Getting you Started

Deciding if, where, when and how to study abroad is easier than you may think!

With so many study abroad program types and destinations available to you, and the long check list of tasks you need to complete before actually heading overseas, it can be difficult to decide where to start. Get yourself organized with these seven steps that will help you plan ahead for your time abroad.

Sure studying abroad sounds awesome, but is it a good fit for you? First, ask yourself a few questions:
  1. Do I have the required budget to support my studies and living expenses
  2. Am I comfortable being away from family and friends for an extend period of time?
  3. Would I enjoy exploring a new culture?
  4. Will I use study abroad to help shape me academically, professionally and/or personally?

If you answer “yes” to most or all of the questions, study abroad is probably a great choice for you. If you answer “no” to a lot of the questions, it might be time to do more honest soul searching before you decide. The reality is, studying abroad is a unique, adventurous opportunity to try something new and grow as both a student and a person, and it also comes with some challenges such as being out of your comfort zone and away from family and friends.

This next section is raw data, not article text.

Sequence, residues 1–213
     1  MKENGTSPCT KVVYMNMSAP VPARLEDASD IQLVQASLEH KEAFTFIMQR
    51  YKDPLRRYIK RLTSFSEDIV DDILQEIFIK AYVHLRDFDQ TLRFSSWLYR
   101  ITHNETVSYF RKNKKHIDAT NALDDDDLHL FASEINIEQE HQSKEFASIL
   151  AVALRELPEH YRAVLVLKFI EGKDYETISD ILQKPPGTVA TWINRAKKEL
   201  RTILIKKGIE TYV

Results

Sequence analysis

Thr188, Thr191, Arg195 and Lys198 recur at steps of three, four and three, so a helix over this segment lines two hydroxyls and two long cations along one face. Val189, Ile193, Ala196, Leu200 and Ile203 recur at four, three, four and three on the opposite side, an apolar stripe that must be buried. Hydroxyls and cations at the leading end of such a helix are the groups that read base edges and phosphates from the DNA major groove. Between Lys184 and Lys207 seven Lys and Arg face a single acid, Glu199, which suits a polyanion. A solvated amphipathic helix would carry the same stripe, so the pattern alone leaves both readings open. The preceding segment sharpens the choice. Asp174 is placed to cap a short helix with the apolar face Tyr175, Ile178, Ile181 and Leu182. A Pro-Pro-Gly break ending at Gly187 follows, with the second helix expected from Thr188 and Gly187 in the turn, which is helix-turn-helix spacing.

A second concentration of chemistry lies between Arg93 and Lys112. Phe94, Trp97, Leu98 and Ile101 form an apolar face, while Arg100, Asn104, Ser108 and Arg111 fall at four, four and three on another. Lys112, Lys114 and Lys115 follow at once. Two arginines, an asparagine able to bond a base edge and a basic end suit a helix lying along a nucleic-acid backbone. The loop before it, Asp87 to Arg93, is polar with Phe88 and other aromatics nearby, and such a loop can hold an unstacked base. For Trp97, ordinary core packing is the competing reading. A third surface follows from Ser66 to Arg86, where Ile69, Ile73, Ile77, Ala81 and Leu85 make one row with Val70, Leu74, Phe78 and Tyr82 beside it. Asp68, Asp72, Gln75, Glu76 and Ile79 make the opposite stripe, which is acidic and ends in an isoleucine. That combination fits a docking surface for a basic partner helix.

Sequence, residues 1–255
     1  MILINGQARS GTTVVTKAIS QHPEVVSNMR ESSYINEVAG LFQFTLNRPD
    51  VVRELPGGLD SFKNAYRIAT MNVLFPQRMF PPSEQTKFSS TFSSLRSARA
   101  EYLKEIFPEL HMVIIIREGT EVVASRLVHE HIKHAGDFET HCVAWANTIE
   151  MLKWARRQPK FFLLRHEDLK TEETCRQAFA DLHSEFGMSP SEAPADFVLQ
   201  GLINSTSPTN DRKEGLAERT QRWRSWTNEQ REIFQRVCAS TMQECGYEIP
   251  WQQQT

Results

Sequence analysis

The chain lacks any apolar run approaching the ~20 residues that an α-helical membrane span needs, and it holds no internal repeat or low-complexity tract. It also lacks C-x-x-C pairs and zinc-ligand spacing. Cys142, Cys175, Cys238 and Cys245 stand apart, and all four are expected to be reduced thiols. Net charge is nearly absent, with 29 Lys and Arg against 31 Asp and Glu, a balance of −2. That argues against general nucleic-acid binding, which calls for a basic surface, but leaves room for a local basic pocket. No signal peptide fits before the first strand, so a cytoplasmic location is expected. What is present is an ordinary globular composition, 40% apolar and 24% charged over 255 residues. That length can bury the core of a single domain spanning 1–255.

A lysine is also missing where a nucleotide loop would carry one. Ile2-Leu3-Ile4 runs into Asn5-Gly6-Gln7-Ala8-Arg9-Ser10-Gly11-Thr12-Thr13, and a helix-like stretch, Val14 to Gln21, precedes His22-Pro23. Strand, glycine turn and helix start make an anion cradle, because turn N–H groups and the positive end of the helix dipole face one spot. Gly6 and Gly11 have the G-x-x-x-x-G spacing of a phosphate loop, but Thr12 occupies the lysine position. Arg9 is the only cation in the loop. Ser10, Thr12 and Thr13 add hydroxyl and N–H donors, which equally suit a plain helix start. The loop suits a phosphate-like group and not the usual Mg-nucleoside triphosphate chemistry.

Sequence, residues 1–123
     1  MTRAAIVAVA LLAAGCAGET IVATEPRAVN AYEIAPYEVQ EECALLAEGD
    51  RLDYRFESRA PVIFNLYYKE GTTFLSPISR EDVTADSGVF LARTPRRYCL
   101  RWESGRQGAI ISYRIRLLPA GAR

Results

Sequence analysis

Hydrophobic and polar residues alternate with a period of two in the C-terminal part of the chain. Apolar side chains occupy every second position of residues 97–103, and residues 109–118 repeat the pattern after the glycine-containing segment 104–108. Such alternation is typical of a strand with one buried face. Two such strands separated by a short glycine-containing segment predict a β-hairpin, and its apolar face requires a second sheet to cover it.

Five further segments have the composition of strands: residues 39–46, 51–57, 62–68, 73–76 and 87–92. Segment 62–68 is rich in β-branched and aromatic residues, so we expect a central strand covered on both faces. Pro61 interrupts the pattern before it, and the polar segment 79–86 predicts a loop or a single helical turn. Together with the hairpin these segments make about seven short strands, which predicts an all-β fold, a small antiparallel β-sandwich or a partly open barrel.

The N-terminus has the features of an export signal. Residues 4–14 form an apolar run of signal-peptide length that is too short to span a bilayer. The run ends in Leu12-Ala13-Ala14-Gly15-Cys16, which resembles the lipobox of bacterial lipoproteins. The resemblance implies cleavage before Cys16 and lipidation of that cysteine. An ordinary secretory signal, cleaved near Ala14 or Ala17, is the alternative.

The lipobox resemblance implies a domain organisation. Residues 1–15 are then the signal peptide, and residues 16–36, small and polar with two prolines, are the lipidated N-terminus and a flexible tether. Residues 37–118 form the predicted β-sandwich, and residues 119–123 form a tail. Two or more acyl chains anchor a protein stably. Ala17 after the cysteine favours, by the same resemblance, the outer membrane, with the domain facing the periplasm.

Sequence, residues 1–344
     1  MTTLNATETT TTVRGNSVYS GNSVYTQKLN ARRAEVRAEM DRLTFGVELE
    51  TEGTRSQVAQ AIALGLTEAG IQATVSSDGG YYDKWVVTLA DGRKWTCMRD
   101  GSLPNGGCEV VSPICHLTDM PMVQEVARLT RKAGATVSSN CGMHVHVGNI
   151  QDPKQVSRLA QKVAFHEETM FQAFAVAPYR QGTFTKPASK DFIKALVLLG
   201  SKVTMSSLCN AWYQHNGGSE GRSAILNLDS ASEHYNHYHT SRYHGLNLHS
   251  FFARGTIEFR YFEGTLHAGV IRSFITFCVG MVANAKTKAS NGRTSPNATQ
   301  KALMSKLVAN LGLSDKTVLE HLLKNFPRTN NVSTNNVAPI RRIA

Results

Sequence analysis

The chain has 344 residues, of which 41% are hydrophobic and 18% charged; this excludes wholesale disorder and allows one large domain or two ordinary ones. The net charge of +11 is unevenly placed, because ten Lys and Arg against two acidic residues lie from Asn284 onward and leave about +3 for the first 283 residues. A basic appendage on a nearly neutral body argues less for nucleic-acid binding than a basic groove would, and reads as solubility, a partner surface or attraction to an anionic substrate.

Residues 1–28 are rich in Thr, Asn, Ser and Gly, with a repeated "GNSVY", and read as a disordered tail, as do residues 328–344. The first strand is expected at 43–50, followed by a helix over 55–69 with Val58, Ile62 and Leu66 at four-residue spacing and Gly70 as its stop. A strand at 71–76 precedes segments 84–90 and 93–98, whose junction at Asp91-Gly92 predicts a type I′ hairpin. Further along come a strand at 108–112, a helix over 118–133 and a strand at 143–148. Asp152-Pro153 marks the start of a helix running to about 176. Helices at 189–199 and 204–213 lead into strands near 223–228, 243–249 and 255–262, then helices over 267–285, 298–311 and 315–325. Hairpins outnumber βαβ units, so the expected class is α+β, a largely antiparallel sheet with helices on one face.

Meet with your consultant to ensure you can stay on track to graduate on time, plan the coursework you need to take before you go abroad, the coursework you should save and take while abroad and the coursework that you will need to take after you return. A good consultant will not force you to study in a particular destination and in fact gove your various options depending on your needs. It is also advisable to do research online and ensure that all that you have been told is actually true! Talk with your parents about why, when and where you want to study abroad. Deciding to study abroad is often a family decision, and having an open conversation with them can help both you and them plan the best study abroad trip for you as possible. It’s important to come to the conversation prepared with your points, and be ready with answers to their questions .